Ties to the hospice over three generations and 50 years make run a very personal mission
Entrepreneur creates ‘deathmin’ beating book and heated facemask to help us relax in different ways
Debbie Slaughter, a veteran when it comes to Fun Walk, shares her reasons for doing it as well as top tips for raising as much money as possible
Couple to split lottery jackpot between sponsorship of son’s marathon effort and a treat to honour daughter’s bucket list wish
William has found that his physio and exercise sessions have brought a lease of life to what matters most to him
Over 100 people braved the cold December afternoon to come together to our annual Winter Celebration in CARE (Centre for Awareness and Response to End of Life).
After thinking he would die on our in-patient unit Mick now returns to St Christopher's every week for our Bereavement Help Point.
Two years after the death of her husband and bolstered by the ‘life-changing’ sessions, Jane feels able to start again - on the Isle of Wight.
In their darkest hour Kerry and her Italian husband Roberto found a much-needed second family at St Christopher’s
Black History Month - Coming from a Black British Caribbean household, my family believes it is important to live life to the fullest, and that death is a normal part of life and we should embrace that we won’t be around forever.
Our longest serving employee shares his fantasy funeral.
As our first ever Learning Disabilities CNS, Phoebe Mooney is affecting real change across the organisation and within palliative care. She tells us all about her plans for the role.
From acupuncture to benefits advice, dietetics to occupational therapy, retired probation officer, Shakun, is feeling the benefit of many of our services.
It’s Volunteers’ Week – the prefect time thank all of the amazing 1070 individuals who give up their time and skills so we can support 8,000 people a year
Read Tim's story on how he confronted his terminal diagnosis with a celebration of his life!
Kirsty and Freya are remembering Chris with a Snowdrop for St Christopher's. Read their story.
Constant pain can have a seriously debilitating effect. Retired banker Melvyn Randolph describes how regular acupuncture sessions have improved his quality of life.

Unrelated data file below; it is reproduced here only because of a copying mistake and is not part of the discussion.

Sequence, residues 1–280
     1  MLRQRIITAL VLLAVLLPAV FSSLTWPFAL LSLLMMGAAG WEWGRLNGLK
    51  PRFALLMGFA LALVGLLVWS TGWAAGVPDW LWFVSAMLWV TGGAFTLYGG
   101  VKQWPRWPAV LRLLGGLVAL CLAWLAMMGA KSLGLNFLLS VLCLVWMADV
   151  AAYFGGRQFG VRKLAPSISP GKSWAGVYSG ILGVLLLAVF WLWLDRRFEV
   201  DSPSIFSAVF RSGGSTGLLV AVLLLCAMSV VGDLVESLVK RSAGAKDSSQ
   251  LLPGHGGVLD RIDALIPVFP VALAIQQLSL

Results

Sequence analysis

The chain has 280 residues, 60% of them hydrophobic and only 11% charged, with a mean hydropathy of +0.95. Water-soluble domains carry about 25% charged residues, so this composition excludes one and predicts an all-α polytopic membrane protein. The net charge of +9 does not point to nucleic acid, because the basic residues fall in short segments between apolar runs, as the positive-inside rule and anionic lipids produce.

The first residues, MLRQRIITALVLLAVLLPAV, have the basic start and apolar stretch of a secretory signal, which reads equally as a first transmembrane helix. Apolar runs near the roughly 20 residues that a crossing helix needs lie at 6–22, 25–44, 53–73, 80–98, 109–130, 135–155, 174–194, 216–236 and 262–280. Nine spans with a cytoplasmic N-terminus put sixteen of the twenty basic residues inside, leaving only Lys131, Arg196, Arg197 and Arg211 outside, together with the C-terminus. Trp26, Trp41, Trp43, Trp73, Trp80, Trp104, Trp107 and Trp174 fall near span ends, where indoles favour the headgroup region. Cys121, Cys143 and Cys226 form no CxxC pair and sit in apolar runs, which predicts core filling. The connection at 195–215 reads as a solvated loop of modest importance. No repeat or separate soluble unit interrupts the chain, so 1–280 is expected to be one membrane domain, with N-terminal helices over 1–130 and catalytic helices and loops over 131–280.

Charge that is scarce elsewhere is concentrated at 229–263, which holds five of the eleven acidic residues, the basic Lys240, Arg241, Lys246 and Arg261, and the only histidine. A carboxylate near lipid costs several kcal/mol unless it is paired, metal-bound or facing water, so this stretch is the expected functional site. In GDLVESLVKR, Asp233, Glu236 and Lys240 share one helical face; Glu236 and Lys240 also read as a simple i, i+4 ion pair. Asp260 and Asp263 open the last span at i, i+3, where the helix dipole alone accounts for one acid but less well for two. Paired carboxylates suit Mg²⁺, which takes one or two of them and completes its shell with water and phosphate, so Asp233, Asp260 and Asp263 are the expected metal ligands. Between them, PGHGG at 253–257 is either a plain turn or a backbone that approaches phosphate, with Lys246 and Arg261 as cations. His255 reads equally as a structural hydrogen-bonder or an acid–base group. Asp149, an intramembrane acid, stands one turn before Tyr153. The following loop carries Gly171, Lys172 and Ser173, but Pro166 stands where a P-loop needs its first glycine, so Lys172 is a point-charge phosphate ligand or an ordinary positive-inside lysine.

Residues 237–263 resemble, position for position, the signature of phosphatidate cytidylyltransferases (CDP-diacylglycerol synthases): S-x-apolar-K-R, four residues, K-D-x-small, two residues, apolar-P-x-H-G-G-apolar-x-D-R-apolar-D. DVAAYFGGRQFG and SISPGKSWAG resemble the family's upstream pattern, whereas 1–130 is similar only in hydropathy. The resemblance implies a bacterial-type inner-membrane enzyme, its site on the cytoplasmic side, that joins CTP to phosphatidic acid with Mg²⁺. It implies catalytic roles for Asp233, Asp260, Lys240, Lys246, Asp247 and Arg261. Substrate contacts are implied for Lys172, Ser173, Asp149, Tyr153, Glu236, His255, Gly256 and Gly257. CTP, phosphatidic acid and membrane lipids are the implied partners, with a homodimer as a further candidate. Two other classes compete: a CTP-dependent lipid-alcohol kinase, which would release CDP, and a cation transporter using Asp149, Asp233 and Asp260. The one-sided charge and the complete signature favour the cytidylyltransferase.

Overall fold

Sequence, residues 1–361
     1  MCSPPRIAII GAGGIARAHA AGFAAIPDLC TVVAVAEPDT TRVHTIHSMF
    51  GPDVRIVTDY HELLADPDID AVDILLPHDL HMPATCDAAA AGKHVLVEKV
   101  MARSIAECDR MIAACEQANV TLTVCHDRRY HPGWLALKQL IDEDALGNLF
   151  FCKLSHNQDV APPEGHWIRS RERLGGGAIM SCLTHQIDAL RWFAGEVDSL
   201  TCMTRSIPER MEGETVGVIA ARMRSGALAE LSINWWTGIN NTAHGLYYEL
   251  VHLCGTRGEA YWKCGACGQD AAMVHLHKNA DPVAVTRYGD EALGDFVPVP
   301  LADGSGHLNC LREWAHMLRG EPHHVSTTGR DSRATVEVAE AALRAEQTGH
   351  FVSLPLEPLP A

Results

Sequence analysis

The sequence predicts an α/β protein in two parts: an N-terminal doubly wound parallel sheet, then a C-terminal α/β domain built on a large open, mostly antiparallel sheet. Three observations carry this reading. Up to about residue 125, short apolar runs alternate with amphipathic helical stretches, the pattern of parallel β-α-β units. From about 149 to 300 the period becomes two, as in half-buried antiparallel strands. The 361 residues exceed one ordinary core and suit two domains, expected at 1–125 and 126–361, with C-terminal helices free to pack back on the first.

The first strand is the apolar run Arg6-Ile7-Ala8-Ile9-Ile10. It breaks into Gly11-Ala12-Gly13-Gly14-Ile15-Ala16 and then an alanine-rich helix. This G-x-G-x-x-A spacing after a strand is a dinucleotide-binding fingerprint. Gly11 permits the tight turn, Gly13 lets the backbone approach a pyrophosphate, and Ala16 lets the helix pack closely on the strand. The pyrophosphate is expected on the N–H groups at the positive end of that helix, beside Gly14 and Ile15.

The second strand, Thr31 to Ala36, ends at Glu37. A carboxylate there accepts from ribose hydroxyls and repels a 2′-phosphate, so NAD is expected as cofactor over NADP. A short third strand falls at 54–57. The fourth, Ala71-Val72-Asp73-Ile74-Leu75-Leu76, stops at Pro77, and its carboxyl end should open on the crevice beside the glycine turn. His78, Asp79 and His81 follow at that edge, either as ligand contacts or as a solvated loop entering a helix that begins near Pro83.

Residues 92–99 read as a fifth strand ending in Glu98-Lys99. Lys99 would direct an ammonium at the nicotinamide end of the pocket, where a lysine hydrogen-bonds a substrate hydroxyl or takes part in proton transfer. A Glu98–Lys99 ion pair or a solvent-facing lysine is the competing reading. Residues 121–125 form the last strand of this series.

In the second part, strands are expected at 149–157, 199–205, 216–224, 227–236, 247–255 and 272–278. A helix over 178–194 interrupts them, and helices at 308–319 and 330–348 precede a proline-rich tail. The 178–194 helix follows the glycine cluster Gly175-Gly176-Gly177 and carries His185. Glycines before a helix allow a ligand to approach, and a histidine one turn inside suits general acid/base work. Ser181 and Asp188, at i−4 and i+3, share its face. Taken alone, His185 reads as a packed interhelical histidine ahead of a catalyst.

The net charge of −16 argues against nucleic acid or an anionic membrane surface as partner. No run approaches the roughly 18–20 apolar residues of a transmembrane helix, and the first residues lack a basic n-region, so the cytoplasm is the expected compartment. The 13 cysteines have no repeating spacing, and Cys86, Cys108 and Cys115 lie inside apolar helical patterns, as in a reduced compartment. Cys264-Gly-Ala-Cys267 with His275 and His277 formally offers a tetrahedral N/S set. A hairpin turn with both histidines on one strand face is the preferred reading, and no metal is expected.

Three years after holding her husband’s hand as he died at the hospice, Hilary Lambert has returned as a volunteer.
The cost of living crisis is having a serious impact on the dying, their families, carers and the bereaved.
Volunteer Roger has put his banking background into practice with St Christopher's Gift Aid
Ben talks about his wife Sarah and how they were supported by St Christopher's
Before Lara died in May this year, she shared with us her experience of being looked after by the hospice during lockdown
An original poem created by Leon Silver, 'Loss' is a beautiful and heartfelt piece dedicated to his wife Maria.
"Klaus' experience changed mine, from what could have been a lastingly painful one into a bearable, acceptable one"
Your support brings families and cultures together for a musical extravaganza
Ivy Zaman explains why she joined the Compassionate Neighbours scheme
Find out how Gordon's love of photography kept him going through his illness
Alison Tucker has been Volunteering at St Christopher’s for the last five years
We asked volunteer Nick to tell us about his experience of volunteering at St Christopher’s
Chris Smith attended one of our Remembering with St Christopher's events in 2017
How international students are gaining new skills from our education programme
"It's just what I needed; respite from it all and the chance to chat to other people"
Helma’s husband, Martin, received support from St Christopher’s before his death in March 2017
Isabel has been a nurse for over fourteen years and cares for patients living in Lewisham
Holly and Belinda talk about how their friendship started in the smoking shelter at St Christopher's
William, aged six: “I like to do the walk with my family and friends to raise money for St Christopher’s because my mummy died there and the money will help to look after other people and buy equipment to help them”
Richard Carter is 52 and has lived in Orpington all his life. In 2016 he was diagnosed with a brain tumour, and began coming to St Christopher’s in April 2017
"He was allowed to pass away with dignity and pain free – this is the greatest gift you can give to the family of a terminally ill loved one"
"Coming to the Summer School was a real eye-opener for me. We spent time talking about death and the stigma around it; it made me realise how important it was not to be afraid to talk openly about dying."
"Getting married was really important to us. Once we did it, it felt like we’d always been married and it definitely felt like the right thing to do."
"It was so amazing to spend time like that as a family during the worst time of my life. Even our dog was able to visit!"
"Every time I think of St Christopher's it always brings a warm feeling in my heart"
"When you lose a loved one you have a blanket of sadness and people become trapped in it. I’ve let the love that I have for Sadie breathe"
"When you first hear the word hospice you do get a bit panicky but they reassure you and they’re not just there for end of life care - they’re there all the time"
"As soon as Mum was admitted, we all knew that she would be very well looked after; nothing was ever too much trouble for the staff"